From Chicken Soup for the Latino Soul

Prayers, Potatoes and a Twister

“Tornados touched down near Dallas,” the report said. Hearing this made me grateful to live in the western tip of the state, where the Franklin Mountains act as a buffer against such storms. Then a memory crept in from the back of my mind. I remembered the commotion that brought me outside one day, where I found Abuelita praying and watching a twister twirling in the distance. Abuelita’s black hair was touched with silver, plaited in a long braid and wrapped into a bun. Her skin, the color of cinnamon, was wrinkled with time, and her brown eyes were intensely focused on the twister in the sky.

I was more interested in Abuelita’s behavior than the funnel-shaped cloud in the distance. At eight, I was already accustomed to her ways. “Jesús, María y José!” she’d say at the clap of thunder and “Jesús mil veces!” when lightning followed. The beads in her pocket came out whenever she had spare time to pray the rosary. Never did she allow my chatter to interrupt the litany. I never asked about the motives for her invocations of God and his Holy Mother. I grew up in her faith, unquestioning.

I watched as she stood firmly facing the twisting clouds, holding a potato and a kitchen knife. She prayed fervently while keeping an eye on the approaching clouds. She held the potato up, sliced off a piece, and said, “En el nombre del Padre, vete!” ordering the tornado to depart in the name of the Father. “Y del Hijo, no nos hagas daño,” she said, and another slice fell to the ground as she invoked the Son’s name, pleading that the storm do us no harm. “Y el Espíritu Santo, vete!” Her strong voice commanded the phenomenon to depart in the name of the Holy Spirit.

The richness of my heritage was learned at Abuelita’s knee. Her devotion to the Catholic Church was colored by the culture of her native Mexico. “Nothing is possible without the will of God” was her constant refrain. I had seen her fix medicinal potions and teas from herbs, barks and even the weeds that grew in the field behind our school. She’d brew istafiate for stomachaches, flor de saúco for hacking coughs and colds, and had a plant in the kitchen that relieved the pain of all types of burns and helped clear my acne. Yes, my grandmother’s remedies cured almost anything.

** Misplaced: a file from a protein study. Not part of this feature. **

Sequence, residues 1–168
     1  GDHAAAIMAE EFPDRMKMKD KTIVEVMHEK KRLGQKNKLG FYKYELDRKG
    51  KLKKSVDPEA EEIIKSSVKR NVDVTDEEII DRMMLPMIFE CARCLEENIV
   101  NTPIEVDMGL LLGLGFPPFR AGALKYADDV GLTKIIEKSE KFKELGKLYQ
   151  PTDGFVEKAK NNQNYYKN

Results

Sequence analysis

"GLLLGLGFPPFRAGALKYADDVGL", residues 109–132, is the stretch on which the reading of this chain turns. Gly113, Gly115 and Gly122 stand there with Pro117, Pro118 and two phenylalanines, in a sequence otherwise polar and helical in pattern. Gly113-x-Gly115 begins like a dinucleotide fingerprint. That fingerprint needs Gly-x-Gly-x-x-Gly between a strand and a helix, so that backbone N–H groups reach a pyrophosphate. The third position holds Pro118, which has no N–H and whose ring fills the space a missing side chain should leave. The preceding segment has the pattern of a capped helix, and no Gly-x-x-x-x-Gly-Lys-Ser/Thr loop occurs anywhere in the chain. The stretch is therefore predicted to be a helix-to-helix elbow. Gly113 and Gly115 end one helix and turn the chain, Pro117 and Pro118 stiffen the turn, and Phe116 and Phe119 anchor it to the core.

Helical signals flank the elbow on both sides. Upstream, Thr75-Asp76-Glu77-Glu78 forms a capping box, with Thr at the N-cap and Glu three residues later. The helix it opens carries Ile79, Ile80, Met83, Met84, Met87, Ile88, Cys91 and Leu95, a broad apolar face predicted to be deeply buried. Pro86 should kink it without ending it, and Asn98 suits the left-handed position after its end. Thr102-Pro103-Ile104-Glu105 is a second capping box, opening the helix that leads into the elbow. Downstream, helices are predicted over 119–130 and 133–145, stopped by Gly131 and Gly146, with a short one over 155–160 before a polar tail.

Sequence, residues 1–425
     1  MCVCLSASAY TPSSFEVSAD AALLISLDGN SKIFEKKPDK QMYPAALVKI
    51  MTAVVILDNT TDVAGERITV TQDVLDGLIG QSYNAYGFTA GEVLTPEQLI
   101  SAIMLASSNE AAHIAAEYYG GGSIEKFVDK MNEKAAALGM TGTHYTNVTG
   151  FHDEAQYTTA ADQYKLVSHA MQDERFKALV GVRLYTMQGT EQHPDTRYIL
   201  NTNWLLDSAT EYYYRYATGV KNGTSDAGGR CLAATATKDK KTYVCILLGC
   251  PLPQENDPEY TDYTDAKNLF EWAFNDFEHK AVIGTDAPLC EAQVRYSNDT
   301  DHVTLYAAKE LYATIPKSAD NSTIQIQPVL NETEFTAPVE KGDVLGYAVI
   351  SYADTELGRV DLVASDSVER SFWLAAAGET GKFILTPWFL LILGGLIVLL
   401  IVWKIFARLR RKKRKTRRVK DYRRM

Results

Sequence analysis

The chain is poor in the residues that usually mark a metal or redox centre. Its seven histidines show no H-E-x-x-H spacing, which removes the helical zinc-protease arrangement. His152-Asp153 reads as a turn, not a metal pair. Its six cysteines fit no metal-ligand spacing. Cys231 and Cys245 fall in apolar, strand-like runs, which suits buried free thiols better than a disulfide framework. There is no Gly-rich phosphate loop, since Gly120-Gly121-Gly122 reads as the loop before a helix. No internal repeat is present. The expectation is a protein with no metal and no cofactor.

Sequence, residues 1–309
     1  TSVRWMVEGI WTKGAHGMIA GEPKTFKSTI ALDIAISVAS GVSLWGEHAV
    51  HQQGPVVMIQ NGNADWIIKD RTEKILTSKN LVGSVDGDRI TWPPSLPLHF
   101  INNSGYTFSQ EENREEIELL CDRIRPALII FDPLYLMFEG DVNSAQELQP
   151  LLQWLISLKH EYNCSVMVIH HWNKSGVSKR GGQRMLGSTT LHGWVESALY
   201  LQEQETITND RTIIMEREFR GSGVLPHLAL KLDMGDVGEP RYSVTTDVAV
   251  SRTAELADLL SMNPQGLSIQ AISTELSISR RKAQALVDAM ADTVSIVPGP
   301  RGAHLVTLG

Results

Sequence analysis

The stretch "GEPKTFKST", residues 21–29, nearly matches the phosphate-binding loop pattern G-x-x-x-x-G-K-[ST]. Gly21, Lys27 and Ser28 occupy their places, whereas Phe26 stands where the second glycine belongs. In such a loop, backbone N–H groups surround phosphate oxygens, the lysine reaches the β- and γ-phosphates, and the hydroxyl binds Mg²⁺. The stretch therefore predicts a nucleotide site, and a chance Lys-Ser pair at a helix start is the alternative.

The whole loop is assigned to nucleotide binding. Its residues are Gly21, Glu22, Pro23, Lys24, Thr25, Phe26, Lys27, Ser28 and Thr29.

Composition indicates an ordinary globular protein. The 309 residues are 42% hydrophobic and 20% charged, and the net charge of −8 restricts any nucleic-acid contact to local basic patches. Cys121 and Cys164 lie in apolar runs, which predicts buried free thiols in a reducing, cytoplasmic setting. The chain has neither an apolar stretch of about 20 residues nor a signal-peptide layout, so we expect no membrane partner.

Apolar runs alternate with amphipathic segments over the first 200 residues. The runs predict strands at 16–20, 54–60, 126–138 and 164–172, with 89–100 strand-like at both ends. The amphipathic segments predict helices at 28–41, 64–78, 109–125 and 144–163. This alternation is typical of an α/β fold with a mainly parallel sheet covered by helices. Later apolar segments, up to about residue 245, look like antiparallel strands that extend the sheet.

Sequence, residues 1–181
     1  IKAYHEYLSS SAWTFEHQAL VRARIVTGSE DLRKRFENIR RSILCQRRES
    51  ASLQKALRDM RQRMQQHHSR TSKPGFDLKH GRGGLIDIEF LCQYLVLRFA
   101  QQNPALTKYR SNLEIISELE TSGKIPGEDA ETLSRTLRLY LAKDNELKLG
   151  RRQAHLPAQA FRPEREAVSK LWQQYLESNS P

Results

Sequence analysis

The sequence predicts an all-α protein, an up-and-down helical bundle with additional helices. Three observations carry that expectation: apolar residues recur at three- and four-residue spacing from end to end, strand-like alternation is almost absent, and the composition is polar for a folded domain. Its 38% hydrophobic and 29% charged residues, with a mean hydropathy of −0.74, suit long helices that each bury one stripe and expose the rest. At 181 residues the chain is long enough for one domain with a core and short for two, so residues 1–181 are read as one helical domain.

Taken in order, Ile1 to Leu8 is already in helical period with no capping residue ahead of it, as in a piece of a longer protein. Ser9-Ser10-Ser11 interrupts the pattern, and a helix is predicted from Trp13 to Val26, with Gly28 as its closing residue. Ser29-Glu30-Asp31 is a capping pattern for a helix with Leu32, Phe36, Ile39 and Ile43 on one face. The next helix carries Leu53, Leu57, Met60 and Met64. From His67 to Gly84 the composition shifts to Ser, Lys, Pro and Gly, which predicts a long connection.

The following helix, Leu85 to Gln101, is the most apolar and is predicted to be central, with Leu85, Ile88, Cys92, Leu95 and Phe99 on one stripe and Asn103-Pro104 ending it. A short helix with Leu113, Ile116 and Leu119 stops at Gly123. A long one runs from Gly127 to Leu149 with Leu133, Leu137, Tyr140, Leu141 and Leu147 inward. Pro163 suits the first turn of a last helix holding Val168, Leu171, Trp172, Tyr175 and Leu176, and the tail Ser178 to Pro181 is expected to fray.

I watched while Abuelita sliced the potato, almost as if it were the twister in her hand. She seemed to be in a trance, oblivious to my presence. As the potato slices fell into the dust, I noticed the unusual form in the sky break up, just like the spud Abuelita was slicing. Abuelita continued pleading with the Holy Mother and all the saints to help her make the cloud disappear. I was enthralled by my grandmother’s determination, her prayers and the tools she used. Soon the twister dissipated until it was nothing but a few dark clouds drifting in the sky.

Abuelita lowered her tired arms and said, “Gracias a Dios, ya se fue.” It was gone, thank God.

People gathered around us and stared, tracing a line of vision that went from the potato slices on the ground to the knife in Abuelita’s hand. A woman threw her arms around my grandmother. “Muchas gracias,” she said with tears gathering in her eyes. Abuelita smiled as we turned and went inside.

I never questioned her actions with the potato, but I didn’t have to. I know that my abuelita performed a miracle that day long ago.

Margarita B. Velez

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